The attention span of social networks, however, is short and sporadic. The MeToo movement is a metal thread periodically electrified by a spark. This time, it was the US Supreme Court judge (then awaiting confirmation) Brett Kavanaugh being accused of a sexual assault over 35 years ago. In the US, there was also the larger political impetus of his appointment putting a woman’s right over her own body in jeopardy if the legality of abortion were to be overturned by a more conservative court. In India, the re-emergence of Tanushree Dutta and her allegation against Nana Patekar, first made in 2008, was the trigger. Just as interest began to flag, Bahl was exposed. Journalists began to put out their own experiences of harassment by editors and colleagues, resulting in the media’s MeToo moment.

A few elements of the movement stand out. MeToo is about remembered violations, not just the present; there is no time bar on seeking redress. Women have come out with decades-old events. The well fuelling this movement is thus limitless, provided there are sufficiently shocking cases to rally around.

MeToo also highlights a difference in how men and women perceive sexual harassment. Men see it in terms of actions of extreme infringement, women in terms of experience. Many men fail to comprehend how a flirtatious WhatsApp message can be conflated with the consent yardstick—‘No Means No’—of rape, when the ability to block the sender is a fingertip away. To the woman, the trauma in receiving such an unexpected message is real and has so far been brushed aside as irrelevant. At this point of the movement, women are wary of calibrating their responses, the punishment of public shaming being at the very least appropriate in every case. A student in a journalism college making an unwelcome sexual advance on a fellow student at a party is thus in the same basket as a physical violation by a senior editor of his junior in an office.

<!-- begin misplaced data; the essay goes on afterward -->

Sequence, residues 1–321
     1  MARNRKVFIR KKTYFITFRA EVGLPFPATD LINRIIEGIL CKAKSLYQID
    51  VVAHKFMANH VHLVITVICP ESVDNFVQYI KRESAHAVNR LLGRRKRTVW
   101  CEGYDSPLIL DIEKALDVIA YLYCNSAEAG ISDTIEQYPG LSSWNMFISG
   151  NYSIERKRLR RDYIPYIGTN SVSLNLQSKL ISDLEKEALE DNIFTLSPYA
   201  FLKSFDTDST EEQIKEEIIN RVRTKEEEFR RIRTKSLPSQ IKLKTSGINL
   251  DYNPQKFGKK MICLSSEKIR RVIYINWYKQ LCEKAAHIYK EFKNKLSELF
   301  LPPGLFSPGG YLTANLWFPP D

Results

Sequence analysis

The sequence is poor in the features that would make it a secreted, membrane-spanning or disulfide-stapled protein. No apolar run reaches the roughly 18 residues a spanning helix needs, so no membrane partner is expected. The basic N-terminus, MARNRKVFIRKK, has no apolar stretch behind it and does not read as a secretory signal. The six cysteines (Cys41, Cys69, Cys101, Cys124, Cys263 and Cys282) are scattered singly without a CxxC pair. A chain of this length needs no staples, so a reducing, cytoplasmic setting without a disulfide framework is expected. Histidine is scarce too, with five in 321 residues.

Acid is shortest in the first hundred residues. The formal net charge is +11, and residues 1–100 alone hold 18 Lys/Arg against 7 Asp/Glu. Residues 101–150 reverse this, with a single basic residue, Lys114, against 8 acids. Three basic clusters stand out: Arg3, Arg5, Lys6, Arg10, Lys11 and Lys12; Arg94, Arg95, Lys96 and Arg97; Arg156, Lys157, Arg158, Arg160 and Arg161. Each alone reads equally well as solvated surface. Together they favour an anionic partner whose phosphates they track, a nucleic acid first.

Women are also wary of due process or the presumption of innocence being used to derail the movement. The journalist Namita Bhandare argued in The Print, ‘Nobody advocates chucking out due process or promoting a lynching through naming and shaming... What does due process mean when an RK Pachauri is still invited to attend award ceremonies all over the world? In a civilised legal system, a man is innocent until he is found guilty. Yet, three years after the filing of a police complaint, the trial has not even begun and his accuser continues to live terrified to enter an office or open her email for the absolute fear of who or what might be lurking there.’

However, some form of due process, if not the current one, will soon have to be worked out. It is not sustainable to continue trials by online media arguing due process does not work, especially if all instances of personal violations, from rapes to WhatsApp messages, are bundled together. There will almost certainly be defamation cases filed (the difficulty of due process will ironically be of help here because such cases also take years and no one pursues them to conclusion; but the process, as always, is the punishment). Meanwhile, it will only take a judicial order for a clampdown, as when a Supreme Court judge was accused some years ago.

Without some form of due process to account for authenticity, allegations risk being weaponised, either for personal reasons, or, more probably, for political ends given the nature of Twitter as a battlefield of ideologies. This has already started. A left-leaning news website’s editor was accused by two Twitter handles with women’s names that gave the impression of them being journalists. The accounts had been created only last year, however, and a Google search provides no record of their journalism background. Almost immediately after their tweets, a right-wing online magazine reiterated the allegations, giving them added exposure. Because the term that an accused be considered an offender until proven innocent had been set by the online eruption, the editor now has to see his name clubbed with others on various lists of alleged predators. There have been several such instances of writers and journalists being accused by newly created Twitter accounts. Due process exists because the guilty are few in number, and innocents, the rest of humanity. Without a filtering mechanism, anyone is at risk of being labelled an offender.

A new moral behavioural framework is emerging to govern the relations between men and women in public spaces, but until the definitions are clarified, it is going to be a thorny path. After the catharsis, a mid-point will need to be found for actions that must be dealt with in private spheres and those in public. In any case, one thing is crystal clear: in the media, at least, the terms of behaviour of men have been clearly drawn and they will be too frightened to overstep it. This is a giant leap. In the entertainment industry, expect no such miracles.